Turner’s Modern and Ancient Ports: Passages Through Time
On ViewThe Frick Collection
February 23 – May 14, 2017
Crossing like ships at sea, in Turner’s Modern and Ancient Ports: Passages Through Time, are political, historical, mythological and aesthetic themes that span the remarkable vision of Joseph Mallord William Turner (1775 – 1851). The Frick Collection celebrates this British artist, lionized today for his explosive swirls of abstract color and light, with a selection of his luminous studies of European ports: harbors for the pursuits of everyday life that he renders as quotidian snippets in the infinite scheme of things.
Here in the Frick’s sumptuously paneled oval gallery are three grand works, the centerpiece of this show, and exhibited together for the first time: Harbor of Dieppe: Changement de Domicile (1825 – 26) and Cologne, The Arrival of a Packet-Boat: Evening (1826), both from the Frick’s collection, flank Harbor of Brest, The Quayside and Chateau (ca. 1826 – 28), an unfinished work on loan from Tate Britain. These dazzling oils traverse Turner’s depictions of contemporary port cities in Britain, France, and the Rhineland. Facing these works are another trio of large-scale oils depicting imaginary scenes of ancient Roman ports. And finally in a large adjacent gallery, the sweet spot in this exhibit: more than thirty watercolors, drawings, and prints—revelations of Turner’s genius for replicating the airy translucence of his watercolors in the radiant surfaces of his oil paintings.
Turner—a respected member of the Royal Academy—admired Claude Lorraine’s metaphoric seascapes, and saw ports as symbols of both real and imagined time. A Romantic-era rebel in pursuit of the elusive, he distilled immense and immediate worlds through the sea and sky’s fine mists and murky depths and, in so doing, journeyed to aesthetic realms that would not be fully explored until decades later, by 19th-century Impressionists and 20th-century Abstraction Expressionists.
Turner was already fifty years old, renowned and wealthy, by the time he painted the harbors of Dieppe, Cologne, and Brest due to strict travel bans Britain imposed in the twenty years following the French Revolution.
Turner guides the viewer deep into Harbor of Dieppe by focusing the eye on a foreground reflection of a Claude-like golden sun that radiates towards the distant dome of St. Jacques. With fleets of bobbing vessels pictorially anchored by a shoreline stretch of eighteenth-century architecture, this vibrant city, packed tight with lively local types, visually shouts the refrains of consumer masses hot for newly manufactured wares—baskets, bottles and gilded picture frames piled high along the quay. But as he salutes the bounty of new industrial commerce, so does Turner target the day’s environmental pollution: a bare-legged damsel dips her feet, unaware of a turgid stream of waste spilling from a pipe lodged in the painting’s shadows.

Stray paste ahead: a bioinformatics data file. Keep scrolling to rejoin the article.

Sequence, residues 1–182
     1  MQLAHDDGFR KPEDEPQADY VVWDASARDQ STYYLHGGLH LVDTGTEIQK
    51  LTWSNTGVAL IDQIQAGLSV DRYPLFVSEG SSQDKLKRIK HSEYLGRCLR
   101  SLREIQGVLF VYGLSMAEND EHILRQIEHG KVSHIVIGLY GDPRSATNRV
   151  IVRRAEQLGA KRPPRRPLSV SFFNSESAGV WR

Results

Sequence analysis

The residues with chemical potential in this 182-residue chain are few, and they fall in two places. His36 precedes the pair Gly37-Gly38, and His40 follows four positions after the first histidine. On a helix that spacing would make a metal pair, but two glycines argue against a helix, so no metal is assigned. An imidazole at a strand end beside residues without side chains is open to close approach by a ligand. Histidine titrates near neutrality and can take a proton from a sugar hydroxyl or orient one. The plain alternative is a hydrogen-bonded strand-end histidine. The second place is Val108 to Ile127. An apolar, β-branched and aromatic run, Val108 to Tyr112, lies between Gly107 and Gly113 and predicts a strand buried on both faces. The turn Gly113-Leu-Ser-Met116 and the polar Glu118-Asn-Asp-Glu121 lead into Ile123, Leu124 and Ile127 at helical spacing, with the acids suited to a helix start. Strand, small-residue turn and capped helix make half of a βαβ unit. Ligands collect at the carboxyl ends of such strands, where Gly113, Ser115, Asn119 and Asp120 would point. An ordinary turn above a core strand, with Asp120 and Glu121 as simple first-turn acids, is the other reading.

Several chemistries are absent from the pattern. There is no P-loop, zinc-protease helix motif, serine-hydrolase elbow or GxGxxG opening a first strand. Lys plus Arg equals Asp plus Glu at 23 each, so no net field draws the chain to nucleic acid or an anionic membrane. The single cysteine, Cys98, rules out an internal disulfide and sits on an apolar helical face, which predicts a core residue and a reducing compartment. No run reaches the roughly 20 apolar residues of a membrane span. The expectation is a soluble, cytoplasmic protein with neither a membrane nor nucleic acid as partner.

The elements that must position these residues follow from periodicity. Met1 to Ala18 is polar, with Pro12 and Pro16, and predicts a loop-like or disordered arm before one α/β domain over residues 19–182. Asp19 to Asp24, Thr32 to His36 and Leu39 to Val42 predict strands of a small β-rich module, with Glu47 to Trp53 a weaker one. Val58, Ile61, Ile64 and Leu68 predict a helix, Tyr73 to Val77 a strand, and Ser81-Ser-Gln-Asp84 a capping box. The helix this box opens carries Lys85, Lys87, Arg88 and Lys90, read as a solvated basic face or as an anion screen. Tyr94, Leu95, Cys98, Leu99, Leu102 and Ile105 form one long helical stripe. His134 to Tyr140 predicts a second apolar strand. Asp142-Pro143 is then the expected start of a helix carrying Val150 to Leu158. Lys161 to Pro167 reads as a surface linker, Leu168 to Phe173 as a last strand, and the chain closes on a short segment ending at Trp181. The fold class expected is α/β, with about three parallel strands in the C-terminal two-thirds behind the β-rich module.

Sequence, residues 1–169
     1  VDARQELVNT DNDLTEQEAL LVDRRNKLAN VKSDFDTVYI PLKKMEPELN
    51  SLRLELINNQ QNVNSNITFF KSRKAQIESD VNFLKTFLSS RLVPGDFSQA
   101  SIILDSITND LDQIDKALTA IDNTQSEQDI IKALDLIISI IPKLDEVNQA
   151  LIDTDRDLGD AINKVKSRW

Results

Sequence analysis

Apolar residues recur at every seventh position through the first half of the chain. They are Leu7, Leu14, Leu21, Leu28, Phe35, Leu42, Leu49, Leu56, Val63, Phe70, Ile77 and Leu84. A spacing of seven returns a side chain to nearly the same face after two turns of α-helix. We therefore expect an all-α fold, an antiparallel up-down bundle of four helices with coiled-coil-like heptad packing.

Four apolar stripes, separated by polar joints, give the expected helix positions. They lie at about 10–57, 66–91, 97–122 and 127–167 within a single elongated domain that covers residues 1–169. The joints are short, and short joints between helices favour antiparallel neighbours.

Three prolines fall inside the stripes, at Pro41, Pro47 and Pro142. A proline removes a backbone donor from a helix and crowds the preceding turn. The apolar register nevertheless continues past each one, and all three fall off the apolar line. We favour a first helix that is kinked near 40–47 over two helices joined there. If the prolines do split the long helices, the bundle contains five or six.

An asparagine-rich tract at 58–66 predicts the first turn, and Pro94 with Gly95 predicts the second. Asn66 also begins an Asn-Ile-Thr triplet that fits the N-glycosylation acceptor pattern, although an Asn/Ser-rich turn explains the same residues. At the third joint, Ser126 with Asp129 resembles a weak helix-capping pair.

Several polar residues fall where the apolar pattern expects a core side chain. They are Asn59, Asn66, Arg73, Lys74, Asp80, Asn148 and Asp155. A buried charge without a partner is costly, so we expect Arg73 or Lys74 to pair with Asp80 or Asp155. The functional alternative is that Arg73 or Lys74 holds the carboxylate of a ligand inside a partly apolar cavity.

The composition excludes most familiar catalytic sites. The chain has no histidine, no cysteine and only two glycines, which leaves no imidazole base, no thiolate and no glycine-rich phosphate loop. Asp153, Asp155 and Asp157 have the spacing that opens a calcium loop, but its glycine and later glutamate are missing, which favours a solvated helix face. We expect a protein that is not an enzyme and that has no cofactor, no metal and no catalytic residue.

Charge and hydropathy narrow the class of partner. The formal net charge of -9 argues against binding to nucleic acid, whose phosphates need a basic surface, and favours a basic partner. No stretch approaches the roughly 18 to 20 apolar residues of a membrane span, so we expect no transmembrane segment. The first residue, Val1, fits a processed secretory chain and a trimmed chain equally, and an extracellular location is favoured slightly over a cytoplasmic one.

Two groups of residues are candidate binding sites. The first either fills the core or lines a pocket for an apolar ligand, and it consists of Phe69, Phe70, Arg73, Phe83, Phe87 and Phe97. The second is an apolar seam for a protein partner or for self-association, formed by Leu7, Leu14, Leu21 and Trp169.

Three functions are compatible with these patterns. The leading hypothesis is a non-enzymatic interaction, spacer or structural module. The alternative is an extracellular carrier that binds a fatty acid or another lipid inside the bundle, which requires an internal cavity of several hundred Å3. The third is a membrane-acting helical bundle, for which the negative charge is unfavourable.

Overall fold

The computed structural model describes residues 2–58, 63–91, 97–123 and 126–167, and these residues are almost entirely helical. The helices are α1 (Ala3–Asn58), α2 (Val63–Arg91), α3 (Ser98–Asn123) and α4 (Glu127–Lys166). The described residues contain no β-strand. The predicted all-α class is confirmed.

In Cologne, Turner aggressively captures the viewer’s eye with an intriguing abstract scrawl of fishing detritus stuck in silt behind a large tourist vessel, fat with wealthy women tourists. They in turn provide a narrative link to tourism —a sign of international mobility—with the rise and fall of civilization, for the Cologne shoreline is bare, save for some construction laborers rebuilding the Gothic city in ruins. But Dieppe and Cologne are both quintessential orchestrations of atmospheric light that render life sturdy, fragile, and ultimately as fleeing as clouds in the overhead skies.
The collection’s inclusion of Turner’s unfinished work, The Harbor of Brest, here situated between the two aforementioned works—likely intended to together form a harbor series—decisively points to his stunning experiments with color as light. With no apparent under-drawing, Turner eschewed earth tones, primed his canvas white, chose industrial light-reflecting metallic pigments, and layered oil paints much as he did his transparent watercolors. As a result, the blinding ferocity of yellow light tearing through the backcloth of this canvas vaporize his blocked-in architectural and clumped human forms to faint elegies to time and place. As Ian Warrell in his catalog essay points out, the British critic, William Hazlitt (1778 – 1830), clearly baffled, described Turner as “a painter of nothing;” Turner’s retort, however, is thought to speak through his large, imagined Roman port scene, titled Regulus (exhibited 1828, reworked and exhibited 1837) after the Roman hero forced by his Carthaginian captors to stare into the sun until it blinded him. The inference here suggests that Turner’s critics were blind to his aesthetic vision.
Watercolor was Turner’s dominant medium, and his unflappable facility with it enabled him to transpose the complex compositions of his large oils to its smaller scale. Exemplary works on view include: Dover Castle from the Sea (1822), depicting fishing skiffs and a steamboat unfurling ribbons of smoke in choppy seas; Mont-St.-Michel (1827) eerily aglow in moonlight; and Cologne: Color Study (ca. 1824 – 32). Here Turner reduces a floating bridge to chunky brushstrokes skirting across water, the city’s signature towers a-blur in a wash of pale yellow and blue mist. Many of these watercolors served as sketches for England’s thriving 19th-century market for black and white engravings, the source of Turner’s considerable commercial success.
Within the galleries of the Frick, one feels uncannily connected with Turner’s love of the natural world; his fascination with industrialization; his ambivalence over its impact; his awareness of an international age riven by war; and his life in an age of freedom subject to travel bans. All of these things resonated within me as I stepped outside the museum, into a misty rain that dissolved the sturdy skyscrapers across Central Park.